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Ireland, Republic of

Economy

Agriculture, once the most important sector of the economy, now engages only 8% of the workforce. The raising of dairy and beef cattle, sheep, pigs, and poultry is the chief agricultural enterprise. Among the leading crops are flax, oats, wheat, turnips, barley, potatoes, and sugar beets. The republic's industries account for more than 45% of its gross domestic product and 80% of its exports, and employ roughly 30% of its workforce. Products include steel, foodstuffs, beer and ale, textiles, clothing, chemicals, pharmaceuticals, machinery, transportation equipment, vehicles, ships, computer and telecommunications hardware, computer software, linen and laces (for which Ireland is famous), crystal, and handicrafts. The main ports are Dublin and Cork. Around the free port of Shannon are factories producing electronic equipment, chemicals, plastics, and textiles. Copper, lead, zinc, silver, barite, and gypsum are mined, and oil and natural gas are produced offshore. Tourism is also very important. Ireland's main exports are machinery, computers, chemicals, pharmaceuticals, live animals, and animal products. Imports include data processing and other equipment, chemicals, petroleum products, textiles, and clothing. The main trading partners are Great Britain, the United States, and Germany.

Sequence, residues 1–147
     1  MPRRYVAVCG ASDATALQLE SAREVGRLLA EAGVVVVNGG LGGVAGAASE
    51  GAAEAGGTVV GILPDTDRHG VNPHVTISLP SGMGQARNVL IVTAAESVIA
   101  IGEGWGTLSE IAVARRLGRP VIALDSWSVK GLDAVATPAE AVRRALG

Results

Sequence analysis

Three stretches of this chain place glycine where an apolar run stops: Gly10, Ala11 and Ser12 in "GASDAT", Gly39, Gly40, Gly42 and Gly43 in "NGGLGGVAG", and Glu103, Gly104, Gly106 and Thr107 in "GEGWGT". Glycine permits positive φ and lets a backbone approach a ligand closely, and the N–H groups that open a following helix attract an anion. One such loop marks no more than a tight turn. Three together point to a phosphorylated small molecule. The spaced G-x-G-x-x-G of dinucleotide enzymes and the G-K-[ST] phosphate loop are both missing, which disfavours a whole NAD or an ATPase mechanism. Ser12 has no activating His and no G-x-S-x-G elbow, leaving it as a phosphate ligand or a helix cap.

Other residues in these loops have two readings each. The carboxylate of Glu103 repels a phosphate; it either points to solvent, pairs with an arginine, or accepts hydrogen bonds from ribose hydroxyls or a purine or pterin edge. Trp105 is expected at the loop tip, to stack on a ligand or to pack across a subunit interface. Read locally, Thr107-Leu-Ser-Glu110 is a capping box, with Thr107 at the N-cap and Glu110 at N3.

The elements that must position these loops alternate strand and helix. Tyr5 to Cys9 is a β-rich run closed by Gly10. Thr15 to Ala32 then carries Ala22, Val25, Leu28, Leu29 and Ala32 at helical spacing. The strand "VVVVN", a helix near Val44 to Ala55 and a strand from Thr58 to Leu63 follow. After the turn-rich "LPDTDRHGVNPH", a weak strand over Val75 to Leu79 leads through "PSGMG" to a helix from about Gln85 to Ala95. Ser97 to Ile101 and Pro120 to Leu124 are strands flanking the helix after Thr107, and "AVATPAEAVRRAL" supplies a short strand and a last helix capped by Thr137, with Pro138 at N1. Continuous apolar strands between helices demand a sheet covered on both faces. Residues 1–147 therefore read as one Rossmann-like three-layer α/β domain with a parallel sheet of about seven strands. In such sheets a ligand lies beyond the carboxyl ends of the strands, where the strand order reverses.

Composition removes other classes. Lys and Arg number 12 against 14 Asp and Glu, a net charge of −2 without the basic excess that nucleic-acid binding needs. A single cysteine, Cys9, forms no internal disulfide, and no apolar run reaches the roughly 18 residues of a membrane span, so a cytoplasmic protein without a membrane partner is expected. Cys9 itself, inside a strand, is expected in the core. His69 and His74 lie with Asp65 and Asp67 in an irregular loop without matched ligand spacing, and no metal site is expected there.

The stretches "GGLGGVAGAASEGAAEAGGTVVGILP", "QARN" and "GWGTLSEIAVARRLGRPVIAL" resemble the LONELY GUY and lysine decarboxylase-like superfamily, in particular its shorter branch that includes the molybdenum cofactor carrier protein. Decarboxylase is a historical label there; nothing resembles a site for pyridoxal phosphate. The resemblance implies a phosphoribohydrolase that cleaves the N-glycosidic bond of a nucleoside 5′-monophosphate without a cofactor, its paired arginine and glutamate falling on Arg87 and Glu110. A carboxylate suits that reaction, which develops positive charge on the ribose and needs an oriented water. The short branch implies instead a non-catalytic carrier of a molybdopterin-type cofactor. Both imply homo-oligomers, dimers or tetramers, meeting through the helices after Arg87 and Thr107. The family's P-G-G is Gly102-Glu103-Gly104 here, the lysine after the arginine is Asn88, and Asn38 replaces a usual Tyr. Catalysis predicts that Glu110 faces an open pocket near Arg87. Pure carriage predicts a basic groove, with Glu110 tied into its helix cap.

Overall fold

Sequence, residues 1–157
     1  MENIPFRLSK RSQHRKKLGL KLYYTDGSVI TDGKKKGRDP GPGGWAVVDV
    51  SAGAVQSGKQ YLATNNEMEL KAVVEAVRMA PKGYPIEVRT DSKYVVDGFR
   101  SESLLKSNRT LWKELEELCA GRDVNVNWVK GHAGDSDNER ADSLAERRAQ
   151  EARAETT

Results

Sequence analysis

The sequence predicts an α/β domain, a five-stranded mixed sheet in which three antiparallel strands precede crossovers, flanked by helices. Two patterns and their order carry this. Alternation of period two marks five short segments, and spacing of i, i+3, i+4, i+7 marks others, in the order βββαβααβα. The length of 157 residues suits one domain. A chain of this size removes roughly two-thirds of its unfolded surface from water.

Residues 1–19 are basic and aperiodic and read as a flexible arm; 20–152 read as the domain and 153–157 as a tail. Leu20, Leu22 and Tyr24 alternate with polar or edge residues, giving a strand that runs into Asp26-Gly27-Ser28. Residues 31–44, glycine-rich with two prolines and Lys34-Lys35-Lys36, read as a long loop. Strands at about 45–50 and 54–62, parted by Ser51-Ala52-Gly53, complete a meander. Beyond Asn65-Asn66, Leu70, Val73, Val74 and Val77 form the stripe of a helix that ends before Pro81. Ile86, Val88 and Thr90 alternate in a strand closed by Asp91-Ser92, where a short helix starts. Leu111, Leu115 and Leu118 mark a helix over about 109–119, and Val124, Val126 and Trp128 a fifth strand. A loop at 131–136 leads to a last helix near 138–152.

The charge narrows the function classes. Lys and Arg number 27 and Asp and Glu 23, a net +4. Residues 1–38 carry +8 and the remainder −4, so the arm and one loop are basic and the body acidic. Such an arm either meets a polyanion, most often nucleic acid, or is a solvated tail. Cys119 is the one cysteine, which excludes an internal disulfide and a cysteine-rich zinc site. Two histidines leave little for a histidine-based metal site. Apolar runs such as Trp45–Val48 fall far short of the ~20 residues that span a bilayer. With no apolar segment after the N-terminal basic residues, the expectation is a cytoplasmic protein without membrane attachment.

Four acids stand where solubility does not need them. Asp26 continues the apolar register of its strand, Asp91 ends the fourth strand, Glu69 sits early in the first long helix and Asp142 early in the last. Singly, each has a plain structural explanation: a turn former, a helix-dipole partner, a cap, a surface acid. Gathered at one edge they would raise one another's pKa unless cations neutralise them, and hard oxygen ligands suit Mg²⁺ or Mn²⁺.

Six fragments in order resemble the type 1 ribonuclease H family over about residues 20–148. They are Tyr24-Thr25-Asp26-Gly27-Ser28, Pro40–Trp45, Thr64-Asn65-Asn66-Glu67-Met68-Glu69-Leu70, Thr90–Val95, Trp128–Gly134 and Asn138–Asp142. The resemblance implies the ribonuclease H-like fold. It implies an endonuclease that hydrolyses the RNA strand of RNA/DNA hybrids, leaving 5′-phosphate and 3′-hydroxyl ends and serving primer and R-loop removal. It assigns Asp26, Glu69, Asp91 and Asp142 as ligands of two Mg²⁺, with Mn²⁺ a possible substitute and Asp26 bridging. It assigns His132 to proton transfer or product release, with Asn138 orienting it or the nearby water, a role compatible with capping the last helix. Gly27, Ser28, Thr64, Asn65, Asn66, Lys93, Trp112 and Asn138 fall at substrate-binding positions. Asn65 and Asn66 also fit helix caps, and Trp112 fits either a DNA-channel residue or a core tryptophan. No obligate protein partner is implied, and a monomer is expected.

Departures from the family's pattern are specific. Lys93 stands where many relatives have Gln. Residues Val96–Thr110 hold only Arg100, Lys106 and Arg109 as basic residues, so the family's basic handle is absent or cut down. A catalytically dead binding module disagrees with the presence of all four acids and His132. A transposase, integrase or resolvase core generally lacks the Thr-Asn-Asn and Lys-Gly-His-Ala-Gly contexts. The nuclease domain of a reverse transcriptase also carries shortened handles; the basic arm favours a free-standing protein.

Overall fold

The Columbia Electronic Encyclopedia, 6th ed. Copyright © 2012, Columbia University Press. All rights reserved.

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See more Encyclopedia articles on: British and Irish Political Geography


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